The good news for Google Cloud Run users is that you’re charged only for the resources you use (rounded up to the nearest 0.1 second). This is typical of many public cloud offerings.

The free monthly quotas for Google Cloud Run are as follows:

  • CPU: The first 180,000 vCPU-seconds
  • Memory: The first 360,000 GB-seconds
  • Requests: The first 2 million requests
  • Networking: The first 1 GB egress traffic (platform-wide)

Once you bypass these limits, however, you’ll need to pay for your usage. The costs for the paid tier of Google Cloud Run are:

  • CPU: $0.000024 per vCPU-second
  • Memory: $0.0000025 per GB-second
  • Requests: $0.40 per 1 million requests
  • Networking: Free during the Google Cloud Run beta, with Google Compute Engine networking prices taking effect once the beta is over.

It’s worthwhile to note you are billed separately for each resource; for example, the fact that you’ve exceeded your memory quota does not mean that you need to pay for your CPU and networking usage as well.

In addition, these prices may not be definitive. Like the features of Google Cloud Run, prices for Google Cloud are subject to change once the platform leaves beta status.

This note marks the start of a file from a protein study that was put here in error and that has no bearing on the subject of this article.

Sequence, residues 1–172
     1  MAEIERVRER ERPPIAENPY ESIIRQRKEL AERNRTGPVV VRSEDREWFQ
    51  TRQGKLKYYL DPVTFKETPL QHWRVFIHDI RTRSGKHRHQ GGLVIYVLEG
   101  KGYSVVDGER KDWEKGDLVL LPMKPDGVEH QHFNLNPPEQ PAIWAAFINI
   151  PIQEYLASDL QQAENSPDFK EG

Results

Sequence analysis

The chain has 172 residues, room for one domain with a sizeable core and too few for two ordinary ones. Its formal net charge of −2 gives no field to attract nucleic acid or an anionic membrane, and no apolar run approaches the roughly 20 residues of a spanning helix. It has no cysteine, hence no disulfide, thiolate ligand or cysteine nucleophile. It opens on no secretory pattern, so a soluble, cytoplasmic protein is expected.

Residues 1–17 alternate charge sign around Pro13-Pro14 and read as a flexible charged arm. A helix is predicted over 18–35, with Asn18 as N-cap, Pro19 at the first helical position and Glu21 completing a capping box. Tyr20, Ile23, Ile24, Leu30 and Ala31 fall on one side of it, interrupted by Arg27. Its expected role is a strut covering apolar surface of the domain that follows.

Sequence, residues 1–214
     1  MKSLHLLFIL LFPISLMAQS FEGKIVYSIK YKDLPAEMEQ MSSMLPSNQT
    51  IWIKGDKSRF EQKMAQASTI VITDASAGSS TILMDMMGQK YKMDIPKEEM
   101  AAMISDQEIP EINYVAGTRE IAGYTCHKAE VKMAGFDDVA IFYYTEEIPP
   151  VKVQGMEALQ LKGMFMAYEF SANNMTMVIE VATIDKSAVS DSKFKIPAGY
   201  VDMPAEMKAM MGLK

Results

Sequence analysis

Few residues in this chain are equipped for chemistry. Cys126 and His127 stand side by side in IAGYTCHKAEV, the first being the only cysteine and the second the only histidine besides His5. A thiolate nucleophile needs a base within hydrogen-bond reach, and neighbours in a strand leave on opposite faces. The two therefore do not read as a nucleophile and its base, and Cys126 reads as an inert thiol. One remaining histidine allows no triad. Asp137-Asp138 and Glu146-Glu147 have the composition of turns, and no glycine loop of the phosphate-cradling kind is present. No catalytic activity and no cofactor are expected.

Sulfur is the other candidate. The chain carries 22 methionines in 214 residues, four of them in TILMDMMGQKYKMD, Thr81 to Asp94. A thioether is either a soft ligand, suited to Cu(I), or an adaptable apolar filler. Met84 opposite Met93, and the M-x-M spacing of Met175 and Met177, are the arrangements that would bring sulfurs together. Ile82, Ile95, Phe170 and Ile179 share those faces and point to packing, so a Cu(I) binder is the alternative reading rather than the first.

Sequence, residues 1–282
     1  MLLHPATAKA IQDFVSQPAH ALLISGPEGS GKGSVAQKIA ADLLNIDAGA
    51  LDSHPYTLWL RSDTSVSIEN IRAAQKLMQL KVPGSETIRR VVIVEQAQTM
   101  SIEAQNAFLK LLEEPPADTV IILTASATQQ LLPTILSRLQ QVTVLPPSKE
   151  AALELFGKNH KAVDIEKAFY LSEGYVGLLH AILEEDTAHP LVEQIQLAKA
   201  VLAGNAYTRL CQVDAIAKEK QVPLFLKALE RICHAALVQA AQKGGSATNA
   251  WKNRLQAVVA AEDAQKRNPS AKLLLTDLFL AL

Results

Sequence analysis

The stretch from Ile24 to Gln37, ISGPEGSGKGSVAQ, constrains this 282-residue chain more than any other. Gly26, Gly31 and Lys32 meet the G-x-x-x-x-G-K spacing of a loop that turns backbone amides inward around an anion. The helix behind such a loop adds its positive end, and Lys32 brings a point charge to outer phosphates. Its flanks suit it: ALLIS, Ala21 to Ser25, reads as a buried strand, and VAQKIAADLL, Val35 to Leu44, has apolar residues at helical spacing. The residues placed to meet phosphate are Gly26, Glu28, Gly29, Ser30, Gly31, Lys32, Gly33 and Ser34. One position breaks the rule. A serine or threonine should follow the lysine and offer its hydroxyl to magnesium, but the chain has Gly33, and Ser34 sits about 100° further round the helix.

Finally, Cloud Run on GKE uses a separate pricing model that will be announced before the service reaches general availability.

Google Cloud Run Review: Pros and Cons

Because it’s a brand new product product that’s still in beta, reputable Google Cloud Run reviews are still hard to find.

Reaction to Google’s announcement has been fairly positive, acknowledging the benefits of combining serverless computing with a container-based architecture. Some users believe that the reasonable prices will be enough for them to consider switching from similar services such as AWS Fargate.

Other users are more critical, however, especially given that Google Cloud Run is currently only in beta. Some are worried about making the switch, given Google’s track record of terminating services such as Google Reader, as well as their decision to alter prices for the Google Maps API, which effectively shut down many websites that could not afford the higher fees.

Given that Google Cloud Run is in beta, the jury is still out on how well it will perform in practice. Google does not provide any uptime guarantees for cloud offerings before they reach general availability.